In an earlier post, I hinted that I might take up the question of conceptual schemes, and the question of whether conceptual relativity should be seen as a problem. Donald Davidson has argued that the idea of a conceptual scheme is incoherent. I disagree, and will explain why.
It is around 50 years since Kuhn’s The Structure of Scientific Revolutions was published, and there have been retrospectives at various sites. I want to look at the retrospective in Scientific American, written by Gary Stix.
Stix begins with:
Scientific American’s review of Thomas Kuhn’s The Structure of Scientific Revolutions in 1964 ended with the pat pronouncement that the book was “much ado about very little.” The short piece, which appeared two years after the initial publication of Structure as a monograph in the International Encyclopedia of Unified Science, discarded as unoriginal Kuhn’s critique of the positivist argument that science progresses relentlessly forward toward the truth.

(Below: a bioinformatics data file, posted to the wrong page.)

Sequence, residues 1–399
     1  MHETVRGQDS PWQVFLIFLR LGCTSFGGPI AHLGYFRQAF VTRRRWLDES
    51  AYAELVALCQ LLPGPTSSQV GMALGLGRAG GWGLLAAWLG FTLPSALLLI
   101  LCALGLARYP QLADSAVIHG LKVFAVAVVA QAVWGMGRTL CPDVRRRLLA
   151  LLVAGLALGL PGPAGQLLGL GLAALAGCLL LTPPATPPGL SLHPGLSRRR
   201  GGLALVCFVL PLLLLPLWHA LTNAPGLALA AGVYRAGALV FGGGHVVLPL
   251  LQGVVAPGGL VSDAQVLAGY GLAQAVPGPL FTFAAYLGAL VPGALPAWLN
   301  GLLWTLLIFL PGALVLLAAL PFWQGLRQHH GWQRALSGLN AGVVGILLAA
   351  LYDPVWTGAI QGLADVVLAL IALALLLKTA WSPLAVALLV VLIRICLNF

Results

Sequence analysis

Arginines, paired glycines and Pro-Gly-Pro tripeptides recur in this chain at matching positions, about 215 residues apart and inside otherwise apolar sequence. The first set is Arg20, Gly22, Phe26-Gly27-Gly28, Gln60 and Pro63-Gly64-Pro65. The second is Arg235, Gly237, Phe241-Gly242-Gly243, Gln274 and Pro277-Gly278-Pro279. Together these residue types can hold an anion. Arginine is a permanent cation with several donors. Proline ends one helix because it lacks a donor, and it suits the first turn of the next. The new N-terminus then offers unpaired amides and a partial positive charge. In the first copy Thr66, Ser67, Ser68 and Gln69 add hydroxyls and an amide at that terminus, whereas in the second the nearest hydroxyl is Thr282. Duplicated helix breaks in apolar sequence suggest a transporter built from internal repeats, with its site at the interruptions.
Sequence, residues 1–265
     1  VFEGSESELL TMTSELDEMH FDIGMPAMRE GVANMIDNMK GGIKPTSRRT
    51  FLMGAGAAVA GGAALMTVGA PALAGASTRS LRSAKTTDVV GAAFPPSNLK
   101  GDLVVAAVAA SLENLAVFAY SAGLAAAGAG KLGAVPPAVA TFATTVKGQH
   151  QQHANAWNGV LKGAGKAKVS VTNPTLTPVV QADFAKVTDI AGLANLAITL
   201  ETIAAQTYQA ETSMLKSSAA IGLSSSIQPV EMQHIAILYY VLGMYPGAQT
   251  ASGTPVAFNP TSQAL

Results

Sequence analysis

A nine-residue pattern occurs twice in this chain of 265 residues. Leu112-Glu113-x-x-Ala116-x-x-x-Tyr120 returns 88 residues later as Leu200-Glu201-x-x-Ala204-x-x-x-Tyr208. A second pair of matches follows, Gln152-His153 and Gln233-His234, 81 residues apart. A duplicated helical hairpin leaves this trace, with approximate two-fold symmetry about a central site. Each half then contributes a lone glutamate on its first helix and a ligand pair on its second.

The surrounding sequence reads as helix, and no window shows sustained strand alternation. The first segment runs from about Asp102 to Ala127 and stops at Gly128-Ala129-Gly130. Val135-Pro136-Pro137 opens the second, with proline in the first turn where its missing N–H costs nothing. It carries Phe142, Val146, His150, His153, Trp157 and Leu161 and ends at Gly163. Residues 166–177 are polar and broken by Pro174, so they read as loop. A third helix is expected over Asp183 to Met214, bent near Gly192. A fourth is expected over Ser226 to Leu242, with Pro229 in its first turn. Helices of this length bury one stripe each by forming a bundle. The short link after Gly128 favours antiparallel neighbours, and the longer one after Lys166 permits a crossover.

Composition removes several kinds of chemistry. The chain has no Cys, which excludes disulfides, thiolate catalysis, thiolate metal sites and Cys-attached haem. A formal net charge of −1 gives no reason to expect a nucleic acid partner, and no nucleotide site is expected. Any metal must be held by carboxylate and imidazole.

The reviewer’s glib dismissal missed the mark.
David Weinberger discusses Kuhn’s The Structure of Scientific Revolutions in a recent article at the Chronicle of Higher Education. I want to discuss that here, because it illustrates where I disagree with much of what is written as philosophy of science.
By far the most consistently attacked idea was what Kuhn referred to as incommensurability, a term taken from geometry, where it refers to the lack of a shared measurement. In SSR it means something like the inability to understand one paradigm from within another. In the book, Kuhn borders on putting incommensurability in its strongest imaginable form: A new paradigm causes scientists to “see the world of their researcher-engagement differently. In so far as their only recourse to that world is through what they see and do, we may want to say that after a revolution scientists are responding to a different world.”read more »